Some plaque and tartar are removed naturally by the tongue and through the chewing activities your dog engages in enthusiastically, but most is retained right next to the gumline. As plaque thickens on the tooth it mineralizes and creates tartar. While plaque can be scrubbed away, tartar cannot be removed through regular brushing, it requires sedation and scaling at the veterinarian’s office.

Retained Deciduous Teeth
Teething is an almost constant process between two and eight months of age. The puppy’s body resorbs the roots of the deciduous set to allow the adult teeth to push out the smaller teeth and take their place. You may find the rootless teeth in your puppy’s bedding, on the floor, or in the food dish. However, many puppies swallow their baby teeth while eating, harmlessly through the digestive system.

When a tooth root is only partially resorbed the adult tooth behind it will often erupt at an abnormal angle or position. This can cause pain, broken teeth, infection, and hinder proper jawbone formation and growth. All of these complications can lead to a refusal to eat and life-long pain and dietary difficulties.

Your veterinarian may recommend removing the baby tooth to allow the adult tooth room to grow into the correct position. Early intervention is necessary to prevent painful complications and further malformations. Delayed intervention often requires additional extractions, orthodontic treatment, and possible surgery.

Inspect your puppy’s mouth weekly during teething to follow the process and see if any teeth are retained. The upper canines are the most commonly retained teeth, followed by the lower canines and incisors.

Caring for Your Dog’s Teeth
Taking a preventative view of dental practices will help insure a healthy mouth and a longer life for you canine companion. Regular inspections of the mouth at home, veterinary visits, and daily tooth brushing are all a part of responsible dental hygiene. Daily or twice-weekly tooth brushing will take patience and persistence to establish, but the earlier you can accustom your dog to this practice, the easier it will be.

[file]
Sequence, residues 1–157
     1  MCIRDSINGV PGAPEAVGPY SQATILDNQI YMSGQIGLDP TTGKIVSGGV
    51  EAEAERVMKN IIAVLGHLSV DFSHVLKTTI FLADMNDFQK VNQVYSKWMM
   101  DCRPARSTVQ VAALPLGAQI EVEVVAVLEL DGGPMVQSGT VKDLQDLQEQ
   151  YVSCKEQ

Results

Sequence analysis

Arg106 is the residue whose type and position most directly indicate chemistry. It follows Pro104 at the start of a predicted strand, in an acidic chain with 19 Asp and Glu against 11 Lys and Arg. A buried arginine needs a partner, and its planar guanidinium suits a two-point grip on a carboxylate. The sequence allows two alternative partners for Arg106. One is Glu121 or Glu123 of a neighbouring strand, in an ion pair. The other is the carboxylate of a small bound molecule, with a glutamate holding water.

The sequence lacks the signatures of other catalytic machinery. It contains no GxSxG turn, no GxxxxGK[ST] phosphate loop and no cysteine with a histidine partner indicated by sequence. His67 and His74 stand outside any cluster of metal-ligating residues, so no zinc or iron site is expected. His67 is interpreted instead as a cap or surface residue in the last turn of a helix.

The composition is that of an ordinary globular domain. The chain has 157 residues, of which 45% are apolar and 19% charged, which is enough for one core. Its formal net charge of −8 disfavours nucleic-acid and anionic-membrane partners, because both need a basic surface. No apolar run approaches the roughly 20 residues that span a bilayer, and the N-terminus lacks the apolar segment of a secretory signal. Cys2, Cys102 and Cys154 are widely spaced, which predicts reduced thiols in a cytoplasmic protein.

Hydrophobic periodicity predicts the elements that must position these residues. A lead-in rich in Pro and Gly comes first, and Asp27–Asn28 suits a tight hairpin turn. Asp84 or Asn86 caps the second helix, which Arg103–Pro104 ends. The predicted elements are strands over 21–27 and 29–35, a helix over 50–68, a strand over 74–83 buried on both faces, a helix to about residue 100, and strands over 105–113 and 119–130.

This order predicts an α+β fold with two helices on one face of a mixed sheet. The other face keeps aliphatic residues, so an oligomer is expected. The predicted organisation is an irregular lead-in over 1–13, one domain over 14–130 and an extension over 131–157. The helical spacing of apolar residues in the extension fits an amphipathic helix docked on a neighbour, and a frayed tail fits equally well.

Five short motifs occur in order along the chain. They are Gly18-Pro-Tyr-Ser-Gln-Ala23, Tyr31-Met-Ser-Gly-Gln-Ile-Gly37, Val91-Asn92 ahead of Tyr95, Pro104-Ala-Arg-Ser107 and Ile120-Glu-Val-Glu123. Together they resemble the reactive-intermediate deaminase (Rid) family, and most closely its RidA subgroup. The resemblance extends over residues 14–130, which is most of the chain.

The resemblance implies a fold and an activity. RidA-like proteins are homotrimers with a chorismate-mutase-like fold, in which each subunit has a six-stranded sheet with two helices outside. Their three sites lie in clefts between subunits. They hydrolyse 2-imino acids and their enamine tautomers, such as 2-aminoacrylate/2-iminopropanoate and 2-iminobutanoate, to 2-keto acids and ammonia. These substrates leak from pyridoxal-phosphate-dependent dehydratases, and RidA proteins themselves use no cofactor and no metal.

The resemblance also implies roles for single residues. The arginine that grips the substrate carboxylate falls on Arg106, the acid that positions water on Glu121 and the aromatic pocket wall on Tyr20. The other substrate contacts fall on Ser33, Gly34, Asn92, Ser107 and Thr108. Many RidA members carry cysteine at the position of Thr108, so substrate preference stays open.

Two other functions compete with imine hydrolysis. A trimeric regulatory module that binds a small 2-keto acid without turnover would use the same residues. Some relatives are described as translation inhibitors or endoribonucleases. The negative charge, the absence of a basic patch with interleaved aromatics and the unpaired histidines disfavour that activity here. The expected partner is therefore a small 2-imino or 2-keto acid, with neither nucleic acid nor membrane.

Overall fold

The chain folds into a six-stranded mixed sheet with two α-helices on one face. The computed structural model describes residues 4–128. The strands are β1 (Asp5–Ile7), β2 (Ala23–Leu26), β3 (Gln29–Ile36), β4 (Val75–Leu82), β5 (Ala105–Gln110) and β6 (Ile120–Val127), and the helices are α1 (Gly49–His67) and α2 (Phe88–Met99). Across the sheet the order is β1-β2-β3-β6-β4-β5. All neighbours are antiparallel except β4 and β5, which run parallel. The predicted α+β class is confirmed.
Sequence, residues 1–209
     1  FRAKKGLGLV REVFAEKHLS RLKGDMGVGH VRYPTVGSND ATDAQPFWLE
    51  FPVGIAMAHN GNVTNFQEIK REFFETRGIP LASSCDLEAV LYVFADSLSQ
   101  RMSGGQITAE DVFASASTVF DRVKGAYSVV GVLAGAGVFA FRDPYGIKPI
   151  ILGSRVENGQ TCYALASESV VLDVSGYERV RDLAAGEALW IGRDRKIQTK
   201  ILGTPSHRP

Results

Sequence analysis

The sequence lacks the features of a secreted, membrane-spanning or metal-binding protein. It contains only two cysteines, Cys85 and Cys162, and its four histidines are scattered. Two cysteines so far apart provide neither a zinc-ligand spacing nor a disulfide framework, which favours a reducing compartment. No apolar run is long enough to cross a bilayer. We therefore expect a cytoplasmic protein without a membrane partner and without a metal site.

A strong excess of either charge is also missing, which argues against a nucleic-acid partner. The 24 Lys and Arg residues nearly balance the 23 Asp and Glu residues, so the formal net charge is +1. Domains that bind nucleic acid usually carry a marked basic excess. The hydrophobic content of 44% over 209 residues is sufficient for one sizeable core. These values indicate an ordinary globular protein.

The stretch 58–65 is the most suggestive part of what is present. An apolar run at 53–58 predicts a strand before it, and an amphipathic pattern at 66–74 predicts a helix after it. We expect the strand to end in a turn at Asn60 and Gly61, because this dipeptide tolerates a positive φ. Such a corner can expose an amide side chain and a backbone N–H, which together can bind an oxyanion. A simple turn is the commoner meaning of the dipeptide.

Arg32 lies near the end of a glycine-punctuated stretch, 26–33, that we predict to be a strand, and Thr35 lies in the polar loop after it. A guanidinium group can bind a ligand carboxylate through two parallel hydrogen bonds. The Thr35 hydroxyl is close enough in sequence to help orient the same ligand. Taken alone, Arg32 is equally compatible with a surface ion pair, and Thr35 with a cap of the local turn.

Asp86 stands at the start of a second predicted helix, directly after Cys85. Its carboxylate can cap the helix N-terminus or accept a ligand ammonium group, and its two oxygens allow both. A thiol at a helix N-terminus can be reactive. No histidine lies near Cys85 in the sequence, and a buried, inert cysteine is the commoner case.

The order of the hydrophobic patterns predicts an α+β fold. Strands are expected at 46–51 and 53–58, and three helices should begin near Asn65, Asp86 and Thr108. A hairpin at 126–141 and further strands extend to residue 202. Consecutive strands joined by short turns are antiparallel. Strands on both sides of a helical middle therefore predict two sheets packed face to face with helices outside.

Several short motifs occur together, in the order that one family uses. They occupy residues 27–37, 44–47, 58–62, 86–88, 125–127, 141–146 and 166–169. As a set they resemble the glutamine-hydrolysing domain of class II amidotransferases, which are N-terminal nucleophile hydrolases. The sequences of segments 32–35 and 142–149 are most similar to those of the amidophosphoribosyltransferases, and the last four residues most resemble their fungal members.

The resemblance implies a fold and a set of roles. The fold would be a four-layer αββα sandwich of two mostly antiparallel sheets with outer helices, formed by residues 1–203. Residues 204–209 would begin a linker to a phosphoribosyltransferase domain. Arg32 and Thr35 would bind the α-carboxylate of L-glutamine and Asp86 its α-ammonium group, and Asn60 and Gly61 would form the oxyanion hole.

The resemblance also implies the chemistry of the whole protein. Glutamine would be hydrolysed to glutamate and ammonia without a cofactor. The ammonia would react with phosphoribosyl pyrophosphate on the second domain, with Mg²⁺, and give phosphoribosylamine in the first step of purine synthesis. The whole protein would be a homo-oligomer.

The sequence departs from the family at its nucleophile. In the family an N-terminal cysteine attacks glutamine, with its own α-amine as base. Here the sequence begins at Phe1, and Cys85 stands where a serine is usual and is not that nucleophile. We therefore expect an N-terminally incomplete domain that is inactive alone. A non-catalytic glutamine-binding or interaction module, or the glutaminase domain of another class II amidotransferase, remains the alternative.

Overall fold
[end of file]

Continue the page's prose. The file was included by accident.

Toothbrushes and specialized toothpastes have been developed for the unique dental needs of your dog. NEVER use human toothpaste, baking soda, or any other “home remedy” to brush your dog’s teeth! These can be dangerous and cause internal damage if swallowed. Your veterinarian can guide you to the best brushes and cleansers for your dog’s specific needs. There are a lot of flavors available as well to suit your dog’s palate.

Kitty Hawk Animal Hospital recommends that you accustom your dog to dental care as soon as you adopt it, or when the first teeth erupt in puppies. Gently rub a cloth or just your finger on the outside of a few teeth. Build up gradually to brushing the whole mouth. Don’t worry about the tips or inner surfaces of the teeth unless your dog is very cooperative, the abrasive surface of the tongue generally keeps them clean anyway. Most dental issues originate on the outer surface.